• Incl. – The cost of the function including all child functions
  • Self – The cost of the function itself
  • Called – How many times a function was called
  • Function – Which function
  • Location – Script file

A good starting point is to click on “Called” to see which functions are called the most often. It’s also interesting to order by “Self” to see which method itself took the most time.

On the right side I selected the tab “Call Graph” which shows the sequence of the function calls starting with “{main}”. For symfony it’s usually “web/index.php”.

The number of nodes in the call graph is limited by the relative percentage of the execution time. Per default only functions that take more than 5% of the execution time are displayed. Get a more detailed graph by right clicking into the call graph and selecting “Graph -> Min. node cost -> 1%”. You can also doube click on any node to see a more detailed child-graph.


Here is a nice detailed graph showing the internals of a doctrine query.  I’d like to invite you to explore your symfony app using the call graph – it surely is an interesting journey and you can learn a lot about the architecture of symfony.

Coming to an end I’d like to hear about your experiences and findings about performance profiling:

  • What tools do you use?
  • What are your best practices?

Looking forward to interesting discussions – have a nice day!

Posted Friday, May 1st, 2009 at 11:17
Written by: | Filed Under Category: Tips & Tricks
You can leave a response, or trackback from your own site.


Responses to “Speedup: Profile your symfony app using Xdebug”


Great writeup :)

That’s great stuff and definitely worth installing linux somewhere :-)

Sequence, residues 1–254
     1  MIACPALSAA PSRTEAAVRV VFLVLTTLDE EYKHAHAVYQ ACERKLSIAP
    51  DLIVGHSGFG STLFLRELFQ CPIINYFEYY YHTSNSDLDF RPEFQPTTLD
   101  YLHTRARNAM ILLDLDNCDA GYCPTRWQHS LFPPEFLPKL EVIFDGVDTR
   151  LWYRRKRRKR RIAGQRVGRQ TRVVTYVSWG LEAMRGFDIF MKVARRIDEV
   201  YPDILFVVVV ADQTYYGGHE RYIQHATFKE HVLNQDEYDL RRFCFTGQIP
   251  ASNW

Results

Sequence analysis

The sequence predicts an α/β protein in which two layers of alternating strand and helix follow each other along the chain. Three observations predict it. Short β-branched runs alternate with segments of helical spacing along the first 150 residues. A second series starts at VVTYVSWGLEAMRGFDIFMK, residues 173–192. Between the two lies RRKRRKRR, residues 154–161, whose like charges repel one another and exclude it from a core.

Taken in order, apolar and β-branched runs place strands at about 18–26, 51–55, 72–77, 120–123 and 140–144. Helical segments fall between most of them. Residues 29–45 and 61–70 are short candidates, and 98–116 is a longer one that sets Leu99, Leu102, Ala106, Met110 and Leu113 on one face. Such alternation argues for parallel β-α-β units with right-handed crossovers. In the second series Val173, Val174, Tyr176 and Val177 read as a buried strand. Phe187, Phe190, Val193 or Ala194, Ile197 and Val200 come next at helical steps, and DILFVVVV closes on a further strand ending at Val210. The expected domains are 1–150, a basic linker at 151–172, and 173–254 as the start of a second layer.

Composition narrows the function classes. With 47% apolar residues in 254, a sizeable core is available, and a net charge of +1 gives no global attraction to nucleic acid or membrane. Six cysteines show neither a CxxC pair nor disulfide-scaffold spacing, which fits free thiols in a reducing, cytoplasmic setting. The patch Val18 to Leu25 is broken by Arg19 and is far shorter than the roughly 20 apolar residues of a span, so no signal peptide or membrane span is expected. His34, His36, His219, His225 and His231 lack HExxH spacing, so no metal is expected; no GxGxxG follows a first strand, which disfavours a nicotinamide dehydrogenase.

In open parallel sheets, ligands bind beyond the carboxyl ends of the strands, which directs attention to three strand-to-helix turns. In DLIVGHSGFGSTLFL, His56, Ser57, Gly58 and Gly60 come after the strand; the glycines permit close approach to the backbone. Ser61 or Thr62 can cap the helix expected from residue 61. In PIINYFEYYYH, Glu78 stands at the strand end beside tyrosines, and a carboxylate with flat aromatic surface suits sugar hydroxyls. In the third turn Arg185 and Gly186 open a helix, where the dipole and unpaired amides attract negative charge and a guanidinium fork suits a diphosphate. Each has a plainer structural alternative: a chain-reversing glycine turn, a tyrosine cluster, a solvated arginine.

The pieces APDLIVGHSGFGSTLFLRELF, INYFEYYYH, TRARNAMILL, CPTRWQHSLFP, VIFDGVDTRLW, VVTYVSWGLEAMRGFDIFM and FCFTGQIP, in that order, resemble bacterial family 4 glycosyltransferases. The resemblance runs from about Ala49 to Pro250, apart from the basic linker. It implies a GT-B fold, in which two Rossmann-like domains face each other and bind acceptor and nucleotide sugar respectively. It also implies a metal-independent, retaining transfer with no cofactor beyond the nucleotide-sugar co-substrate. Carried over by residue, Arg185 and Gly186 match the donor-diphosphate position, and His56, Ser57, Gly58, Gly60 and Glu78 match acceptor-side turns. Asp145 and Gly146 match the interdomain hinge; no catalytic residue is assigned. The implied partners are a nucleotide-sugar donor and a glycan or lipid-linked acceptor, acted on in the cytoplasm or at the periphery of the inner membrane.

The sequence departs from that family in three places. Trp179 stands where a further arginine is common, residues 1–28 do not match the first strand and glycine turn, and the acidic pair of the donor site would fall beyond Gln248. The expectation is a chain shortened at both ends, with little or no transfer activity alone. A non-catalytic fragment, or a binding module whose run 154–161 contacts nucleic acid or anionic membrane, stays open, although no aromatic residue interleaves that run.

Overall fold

I for myself usually don’t use any specific tools for profiling (at least until now). What helped most for me were always a small series of actions:
* Optimize SQL queries: the queries themselves can be optimized e.g. using indexes. Caching hydrated objects during a script call if they are requested several times also really helps. For tables that hold data that is requested quite often it may be helpful to load all the entries everytime one is requested.
* Optimize the user experience, mostly by packing tons of CSS and JS includes into as little files as possible. The same goes for images (e.g. icons): packing them into 1 big image and selecting the desired icon by offsetting the position inside the image is very powerful and quite easy using CSS. Decreasing web server connections increases the performance both for the user and on your server (less connections required).


On Windows you can use “WinCacheGrind”, fully compatible with XDebug, but far less pretty than KCacheGrind ;)

[…] Speedup: Profile your symfony app using Xdebug – Web Mozarts. […]


i read your article and it’s been very informative.. when i profiled the symfony project i found several entries in the list..

i couldn’t see any cycles in your graph so i wonder if there’s something really f**** up in our configuration or it’s not unusual to have cycle entries (sfFilterChain->execute -> sfCommonFilter->execute -> -> sfFilterChain->execute.. that’s somehow weird.. and i don’t think that’s how the output of cachegrind should look like :(

Leave a Reply


Additional Resources